Finally the PvP arena is fully functional and has been since launch. I’ll be talking about this part of the game in more specific detail later. For now I will give Wing Studio and Nexon kudos for having so many features available at launch. Usually with mobile titles (hell, sometimes even with PC MMOs) you have to wait for a few months before seeing similar modes drop. So knowing that these various gameplay modes are already here means that Nexon and the development team can focus on different upgrades and mechanics rather than try to rush to get these modes out. Now whether or not the teams use this opportunity wisely, only time will tell.

Combine all of these modes with the multiple mission types (growing your noble’s house, beginner’s missions, achievements, log-in bonuses, etc.) there is both plenty of content and several reward systems in place to keep players engaged and happy.

Vassals: multiple ways to earn them

The heart of all games is by far their actual gameplay. However when it comes to gacha games, the characters and other pixels you can collect through their slot machine summon mechanics are definitely the blood which helps the rest of the game run. Your luck with said characters can also set the stage for what your account’s lifespan within the game will look and play like.

In Chaos Chronicle you can recruit characters, or vassals, to fight for your noble house. The game uses a star rarity system that goes from one to six, with five being the highest you can recruit through gacha summon. You obtain said heroes in multiple ways:

  • The typical gacha summon in exchange for premium currency
  • Friend point summon
  • Free summons once a day or every few days
  • Log-in gifts
  • Farming through completing certain story stages
  • Completing beginner missions
  • Hero trading
First week log-in rewards.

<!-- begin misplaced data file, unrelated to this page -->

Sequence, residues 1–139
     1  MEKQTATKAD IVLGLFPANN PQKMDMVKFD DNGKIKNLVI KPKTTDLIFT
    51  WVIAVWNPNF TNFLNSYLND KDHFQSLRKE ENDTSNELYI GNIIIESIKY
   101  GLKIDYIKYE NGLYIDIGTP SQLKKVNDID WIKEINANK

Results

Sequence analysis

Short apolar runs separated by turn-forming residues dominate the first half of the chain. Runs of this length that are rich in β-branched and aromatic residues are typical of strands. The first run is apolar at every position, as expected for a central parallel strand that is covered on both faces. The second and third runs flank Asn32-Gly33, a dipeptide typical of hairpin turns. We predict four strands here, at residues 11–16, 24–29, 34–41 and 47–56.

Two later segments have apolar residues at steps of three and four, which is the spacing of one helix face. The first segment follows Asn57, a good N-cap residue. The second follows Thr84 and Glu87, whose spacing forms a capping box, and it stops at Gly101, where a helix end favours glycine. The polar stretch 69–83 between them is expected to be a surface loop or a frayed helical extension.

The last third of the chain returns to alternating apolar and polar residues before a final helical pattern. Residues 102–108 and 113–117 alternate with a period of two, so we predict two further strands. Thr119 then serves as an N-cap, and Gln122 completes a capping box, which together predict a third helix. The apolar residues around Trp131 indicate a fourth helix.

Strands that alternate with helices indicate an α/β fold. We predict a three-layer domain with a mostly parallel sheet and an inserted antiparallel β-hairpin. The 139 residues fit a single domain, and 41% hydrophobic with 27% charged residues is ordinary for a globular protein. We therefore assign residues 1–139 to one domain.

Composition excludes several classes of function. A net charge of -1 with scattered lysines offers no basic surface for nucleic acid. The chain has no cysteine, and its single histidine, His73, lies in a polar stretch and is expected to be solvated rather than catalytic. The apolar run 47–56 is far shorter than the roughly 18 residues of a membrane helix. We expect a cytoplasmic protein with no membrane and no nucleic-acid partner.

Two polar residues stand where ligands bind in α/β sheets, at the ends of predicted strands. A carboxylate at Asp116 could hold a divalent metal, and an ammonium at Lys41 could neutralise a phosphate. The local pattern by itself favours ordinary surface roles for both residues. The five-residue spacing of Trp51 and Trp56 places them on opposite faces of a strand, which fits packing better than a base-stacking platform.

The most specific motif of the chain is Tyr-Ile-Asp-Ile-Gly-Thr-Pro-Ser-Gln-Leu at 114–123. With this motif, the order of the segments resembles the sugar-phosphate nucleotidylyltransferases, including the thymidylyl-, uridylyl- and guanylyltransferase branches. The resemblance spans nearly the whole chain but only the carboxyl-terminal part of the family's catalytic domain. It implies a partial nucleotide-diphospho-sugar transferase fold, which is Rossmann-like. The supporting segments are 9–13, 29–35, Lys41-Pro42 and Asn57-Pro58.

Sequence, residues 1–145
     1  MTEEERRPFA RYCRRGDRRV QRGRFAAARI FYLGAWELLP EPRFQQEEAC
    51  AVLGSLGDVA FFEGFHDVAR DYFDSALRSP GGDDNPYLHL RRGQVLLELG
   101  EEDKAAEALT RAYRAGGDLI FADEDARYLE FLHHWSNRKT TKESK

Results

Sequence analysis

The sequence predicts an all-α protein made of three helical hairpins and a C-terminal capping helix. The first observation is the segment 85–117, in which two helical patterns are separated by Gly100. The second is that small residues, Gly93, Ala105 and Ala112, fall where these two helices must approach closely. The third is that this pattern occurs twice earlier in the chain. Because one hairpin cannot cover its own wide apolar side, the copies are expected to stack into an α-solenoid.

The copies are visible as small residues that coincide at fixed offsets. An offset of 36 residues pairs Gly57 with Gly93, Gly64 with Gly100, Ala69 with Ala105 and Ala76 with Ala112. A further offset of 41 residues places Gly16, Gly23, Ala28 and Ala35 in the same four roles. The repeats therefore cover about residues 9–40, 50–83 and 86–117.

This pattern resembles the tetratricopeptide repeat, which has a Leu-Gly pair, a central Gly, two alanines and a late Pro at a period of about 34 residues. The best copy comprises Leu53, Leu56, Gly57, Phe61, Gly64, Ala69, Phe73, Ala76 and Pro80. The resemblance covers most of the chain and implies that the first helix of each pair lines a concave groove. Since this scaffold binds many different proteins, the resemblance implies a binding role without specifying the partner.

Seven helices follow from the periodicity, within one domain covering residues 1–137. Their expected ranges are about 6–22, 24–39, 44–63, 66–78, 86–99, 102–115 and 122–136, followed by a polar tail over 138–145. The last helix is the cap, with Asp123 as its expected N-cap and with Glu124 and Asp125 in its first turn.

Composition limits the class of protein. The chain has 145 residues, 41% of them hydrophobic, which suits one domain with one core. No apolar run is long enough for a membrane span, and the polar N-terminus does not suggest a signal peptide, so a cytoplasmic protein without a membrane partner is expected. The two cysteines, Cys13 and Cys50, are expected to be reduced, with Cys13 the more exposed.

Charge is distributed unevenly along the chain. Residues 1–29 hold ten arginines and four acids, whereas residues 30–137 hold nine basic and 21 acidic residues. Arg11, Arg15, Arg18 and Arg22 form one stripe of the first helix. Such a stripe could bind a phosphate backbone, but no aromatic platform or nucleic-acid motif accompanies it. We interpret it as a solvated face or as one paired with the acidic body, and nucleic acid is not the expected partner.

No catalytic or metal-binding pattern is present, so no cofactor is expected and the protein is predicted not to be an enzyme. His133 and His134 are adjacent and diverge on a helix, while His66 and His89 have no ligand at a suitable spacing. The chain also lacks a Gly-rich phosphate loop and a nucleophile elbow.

First week log-in rewards.

The most obvious way to summon a new character is through premium currency, which are Rubies in Chaos Chronicle. 30 rubies will net you a single summon while 300 will get you a 10+1. However the game follows the currently growing trend of providing a free premium summon once every few days. As a reward for logging in on your seventh day of play the game will also gift you a 5-star character, and a pretty good one at that. Though reader beware: you can glitch out on the seventh day and miss your free Ceris entirely, as that’s what happened to me. Only thing you can do is contact Nexon and hope they’re willing to send her to you directly.

All of the other ways to obtain heroes are more or less standard these days when it comes to these games. However Chaos Chronicle offers a new mechanic that’s a very welcome change. As one would imagine the actual chances of obtaining a 5-star character, let alone the one you want, are both unknown and most likely abysmally small. Yet unlike a lot of other games where your common 3-stars and lower rarity characters are either automatic experience or gold fodder, you can instead use them to trade for other heroes of higher rarities.

Here’s how it works:

The hero information menu.
The hero information menu.

To understand the requirements for hero trades, you first have to understand how to equip and upgrade your heroes. Every character in the game can equip gear (shown with the slots on the left side of the screen) and also equip what are known as enhancement crests (the hexagon on the right). When you equip a hero with an enhancement crest a +1 is added to the end of their name. For every crest you add after that the number goes up for a maximum of +6.

To be able to trade you need two heroes of the same rarity level (so say, two 3-star characters). Both characters must be max leveled (so level 30, for example) and must also have reached +6 with enhancement crests. That’s it. You then tap the trade menu to select your two heroes and trade them for a random hero of the next rarity up. So if you trade two 2-star heroes you’ll get a single, random 3-star hero in return, and a random 4-star hero in exchange for two 3-stars, so on and so forth.

I won’t lie: there is a lot of grinding involved in this process. However this trading system allows for players to take the characters they’re not using (or certainly the massive amount of 3-stars your 10+1’s netted you) and allow them to exchange the characters in the hopes of something much better. Once you start exchanging for 5-stars the pool of potential characters shrinks considerably, making it much more likely to land the premium character you want. It’s still all up to RNG of course. Yet the player community readily agrees that hero trading is definitely the best way to obtain top-rated heroes. In theory those that are diligent and patient can find themselves with a very capable team without spending a dime thanks to this one mechanic, and I’d love to see more of this within the platform done correctly.

But of course, no game is perfect. And unfortunately it is very common within the mobile and F2P platforms to take a game with great ideas and turn it into a mess. Chaos Chronicle is no exception to this. Head onto the next page to see where this game and Nexon fails while raising some troublesome red flags.